Covid-19 vaccine could be made in SA, says President Cyril Ramaphosa
President Cyril Ramaphosa on Wednesday night announced that Africa needed at least $12bn (about R187,5bn) to develop an effective vaccine to curb the spread of Covid-19.
Ramaphosa also revealed that at least two companies were working on developing a vaccine, which he hoped would first benefit South Africans.
This was part of a global effort to find a solution to defeat the virus once and for all.
However, he said it was desirable for whichever country developed a vaccine first to share it with the rest of the world,
“An effective and safe vaccine is our greatest defence against Covid-19 and there are now several candidate vaccines in development across the world.
“Equitable access to an effective vaccine is vital to the successful containment of this pandemic. Earlier this week, the world witnessed a game-changer in the world of science regarding the development of a vaccine. This is the first evidence that an effective vaccine against a coronavirus is possible,” he said.
The continent, Ramaphosa added, must pin its hopes on the work being done in SA to develop one.
Said Ramaphosa: “South Africa is collaborating with several multinational pharmaceutical companies to obtain a safe and effective vaccine for our people, and is contributing towards the availability of the vaccine on the rest of the continent.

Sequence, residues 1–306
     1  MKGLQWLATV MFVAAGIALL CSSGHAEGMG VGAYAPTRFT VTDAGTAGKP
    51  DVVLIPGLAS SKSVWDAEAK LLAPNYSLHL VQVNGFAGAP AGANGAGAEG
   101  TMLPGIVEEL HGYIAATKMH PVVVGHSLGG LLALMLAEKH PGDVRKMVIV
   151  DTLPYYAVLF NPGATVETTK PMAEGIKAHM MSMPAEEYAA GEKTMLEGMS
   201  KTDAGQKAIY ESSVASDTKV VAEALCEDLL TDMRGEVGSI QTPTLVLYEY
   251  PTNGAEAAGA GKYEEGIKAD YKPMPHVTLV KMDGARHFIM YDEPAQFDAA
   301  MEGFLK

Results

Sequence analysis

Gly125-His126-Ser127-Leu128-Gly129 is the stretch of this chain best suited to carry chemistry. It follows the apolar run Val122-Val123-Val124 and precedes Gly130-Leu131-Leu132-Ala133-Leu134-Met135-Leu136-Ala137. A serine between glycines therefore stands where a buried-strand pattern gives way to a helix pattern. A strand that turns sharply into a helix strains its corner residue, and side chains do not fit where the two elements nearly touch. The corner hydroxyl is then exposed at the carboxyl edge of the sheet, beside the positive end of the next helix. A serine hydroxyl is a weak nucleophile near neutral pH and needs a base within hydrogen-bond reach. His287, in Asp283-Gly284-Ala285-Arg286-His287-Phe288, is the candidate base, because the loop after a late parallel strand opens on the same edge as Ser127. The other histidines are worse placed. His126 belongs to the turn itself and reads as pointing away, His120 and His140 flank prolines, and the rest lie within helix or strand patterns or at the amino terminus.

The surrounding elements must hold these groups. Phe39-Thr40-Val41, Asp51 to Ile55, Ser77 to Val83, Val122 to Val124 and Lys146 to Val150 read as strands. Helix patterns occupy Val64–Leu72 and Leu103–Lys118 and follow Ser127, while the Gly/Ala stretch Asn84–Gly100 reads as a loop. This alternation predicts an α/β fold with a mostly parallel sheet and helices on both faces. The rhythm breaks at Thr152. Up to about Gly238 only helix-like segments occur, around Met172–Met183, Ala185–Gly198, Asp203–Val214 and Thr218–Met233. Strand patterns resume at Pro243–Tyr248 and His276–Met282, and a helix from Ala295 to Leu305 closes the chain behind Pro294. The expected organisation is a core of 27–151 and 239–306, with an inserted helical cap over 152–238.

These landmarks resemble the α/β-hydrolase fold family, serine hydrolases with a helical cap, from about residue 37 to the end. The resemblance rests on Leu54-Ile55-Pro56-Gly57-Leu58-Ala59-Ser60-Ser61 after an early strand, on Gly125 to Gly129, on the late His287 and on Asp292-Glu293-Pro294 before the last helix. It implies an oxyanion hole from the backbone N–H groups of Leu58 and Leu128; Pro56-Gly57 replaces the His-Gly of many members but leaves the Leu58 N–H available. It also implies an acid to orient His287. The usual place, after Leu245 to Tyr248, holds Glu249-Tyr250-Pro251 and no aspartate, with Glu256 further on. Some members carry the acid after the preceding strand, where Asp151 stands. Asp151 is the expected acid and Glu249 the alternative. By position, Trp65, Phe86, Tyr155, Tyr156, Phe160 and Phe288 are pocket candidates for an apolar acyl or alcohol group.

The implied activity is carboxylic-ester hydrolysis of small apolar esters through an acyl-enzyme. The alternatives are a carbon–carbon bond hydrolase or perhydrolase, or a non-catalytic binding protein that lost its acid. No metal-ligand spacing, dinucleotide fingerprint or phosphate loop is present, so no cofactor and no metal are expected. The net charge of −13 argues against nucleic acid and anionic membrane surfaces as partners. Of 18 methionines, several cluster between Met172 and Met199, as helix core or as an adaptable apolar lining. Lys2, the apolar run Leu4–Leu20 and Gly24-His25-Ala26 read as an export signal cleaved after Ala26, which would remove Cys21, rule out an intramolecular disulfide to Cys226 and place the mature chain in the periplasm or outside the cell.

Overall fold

FULL ADDRESS | Ramaphosa addresses SA on Covid-19 developments
President Cyril Ramaphosa addressed the nation on on Wednesday and emphasised the interventions that must continue if South Africa is to contain the spread of Covid-19. He extended the national state of disaster and warned South Africans to avoid large gatherings over the festive season. A five day period of mourning was also announced for those who died from Covid-19.
“We are working through the African Centres for Disease Control and Prevention (Africa CDC) to acquire and fund a vaccine for the African continent. It is estimated that Africa will need about $12bn and 750 million doses of an effective vaccine.”
The president said it was testament to the country's “manufacturing capability” that Johnson & Johnson had entered into a preliminary agreement with a local company, Aspen Pharmacare, to “manufacture and package its candidate vaccine”.
“Aspen has capacity to manufacture 300 million doses of the candidate vaccine at its Nelson Mandela Bay plant. This is life-saving medical product that will be needed across the world, which will be manufactured by South African workers.
“This is in addition to the progress made by Biovac, a local biopharmaceutical company that is in partnership with the South African government. Biovac is in advanced discussion with an international vaccine manufacturer that would also enable it to locally manufacture a Covid-19 vaccine to ensure sufficient supply for our country and the continent,” Ramaphosa said.
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